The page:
The inaugural Oktoberfest was first celebrated in Munich in 1810 in honor of Prince Ludwig’s marriage to Princess Therese von Sachsen-Hildburghausen. The festivities began October 12, 1810, and lasted nearly a week until October 17, ending with an exciting horse race. After such a spectacular party, the happy couple decided that the same type of festival should be continued annually. In the following years, the festivities were repeated every October and they eventually moved forward into September.
Today, Oktoberfest is the largest festival in the world, with an international flavor that is extremely characteristic of the 21st century. More than 6 million visitors from all over the world take part in Oktoberfest every year.
Moving the festival into late September has allowed for better weather conditions in the always changing Bavarian climate. Because September nights in Bavaria are warmer than October nights, visitors are able to enjoy the outdoor beer gardens as well as the fairgrounds filled with carnival rides. Historically, the last weekend of Oktoberfest lands in the first week of October. Oktoberfest starts on a late September weekend and lasts for three weekends. This year’s dates are September 20-Oct. 5.
The first “Oktoberfest” took place in Munich, on October 12, 1810: For the commemoration of their marriage, Crown Prince Ludwig (later King Ludwig I) and Princess Therese of Saxe-Hildburghausen (namesake of the Theresienwiese festival grounds) organized a great horse race (the marriage took place on October 12; the horse race on October 17 — therefore, there are different dates named as being the first Oktoberfest).
In 1813, the Oktoberfest was called off as Bavaria was involved in the Napoleonic war. In 1816, carnival booths appeared. The main prizes were silver, porcelain, and jewelry. In 1819, the town fathers of Munich took over festival management. They decided that the Oktoberfest should be celebrated every year without exception (except for the random global pandemic). Later, it was lengthened and the date pushed forward. The reason being that the end of September in Bavaria often has very good weather. The high temperature in the first week of Oktoberfest nears 30 °C which stimulates the thirst of the visitors. However, today the last week of Oktoberfest is still in October.
To honor the marriage of King Ludwig I and Therese of Bavaria, a parade took place for the first time in 1835. Since 1850, this has become a yearly event and an important component of the Oktoberfest. 8,000 people — mostly from Bavaria — in traditional costumes walk from Maximilian Street, through the center of Munich, to the Oktoberfest. The march is led by the Münchner Kindl.
Since 1850, the statue of Bavaria has watched the Oktoberfest. This worldly Bavarian patron was first sketched by Leo von Klenze in a classic style and Ludwig Michael Schwanthaler romanticised and “Germanised” the draft; it was constructed by Johann Baptist Stiglmaier and Ferdinand von Miller.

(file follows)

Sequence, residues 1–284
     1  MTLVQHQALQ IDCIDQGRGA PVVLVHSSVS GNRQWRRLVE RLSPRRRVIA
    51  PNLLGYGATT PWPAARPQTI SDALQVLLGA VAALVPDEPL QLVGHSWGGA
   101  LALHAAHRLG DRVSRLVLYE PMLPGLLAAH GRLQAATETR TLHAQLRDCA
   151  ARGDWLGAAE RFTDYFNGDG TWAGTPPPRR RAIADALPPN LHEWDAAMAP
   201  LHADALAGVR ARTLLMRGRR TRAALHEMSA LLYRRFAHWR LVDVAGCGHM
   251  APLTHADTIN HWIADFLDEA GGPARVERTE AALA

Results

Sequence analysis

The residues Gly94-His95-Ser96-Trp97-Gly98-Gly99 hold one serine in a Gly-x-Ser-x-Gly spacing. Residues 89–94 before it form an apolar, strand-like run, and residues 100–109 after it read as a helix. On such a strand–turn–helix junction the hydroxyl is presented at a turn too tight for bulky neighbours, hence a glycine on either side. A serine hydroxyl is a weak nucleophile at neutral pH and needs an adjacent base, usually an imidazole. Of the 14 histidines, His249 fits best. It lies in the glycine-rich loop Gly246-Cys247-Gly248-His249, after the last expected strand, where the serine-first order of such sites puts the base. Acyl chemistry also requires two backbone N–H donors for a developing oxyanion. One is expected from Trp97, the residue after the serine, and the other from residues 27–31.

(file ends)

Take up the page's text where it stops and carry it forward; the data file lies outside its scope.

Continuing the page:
In 1887, the Entry of the Oktoberfest Staff and Breweries took place for the first time. This event showcases the splendidly decorated horse teams of the breweries and the bands that play in the festival tents. This event always takes place on the first Saturday of the Oktoberfest and symbolises the official prelude to the Oktoberfest celebration
In the year 1910, Oktoberfest celebrated its 100th birthday. 120,000 litres of beer were poured. In 1913, the Bräurosl was founded, which was the largest Oktoberfest beer tent of all time, with room for about 12,000 guests (today, the biggest tent is the Hofbräu-Festhalle, which holds 10,000).
Since 1950, there has been a traditional festival opening: A twelve gun salute and the tapping of the first keg of Oktoberfest beer at 12:00 by the current Mayor of Munich with the cry “O’zapft is!” (“It’s tapped!” in the Austro-Bavarian dialect) opens the Oktoberfest. The first mayor to tap the keg was Thomas Wimmer.
By 1960, the Oktoberfest had turned into an enormous world-famous festival. After this foreigners began to picture Germans as wearing the Sennerhut, Lederhosen, and the girls in Dirndl. Horse races ended in 1960.
There are many problems every year with young people, who overestimate their ability to handle large amounts of alcohol. Many pass out due to drunkenness. These especially drunk patrons are often called “Bierleichen” (German for “beercorpses”). They are brought by staff to a medical tent where drunks as well as sick people are treated.
To keep the Oktoberfest, and especially the beer tents, friendly for older people and families, the concept of the “quiet Oktoberfest” was developed in 2005. Until 6:00 PM, the tents only play quiet music, for example traditional wind music. Only after that will Schlager and pop music be played, which has led to more violence in earlier years. The music played in the afternoon is limited to 85 decibels. With these measures, the organizers of the Oktoberfest hope to curb the over-the-top party mentality and preserve the traditional beer tent atmosphere.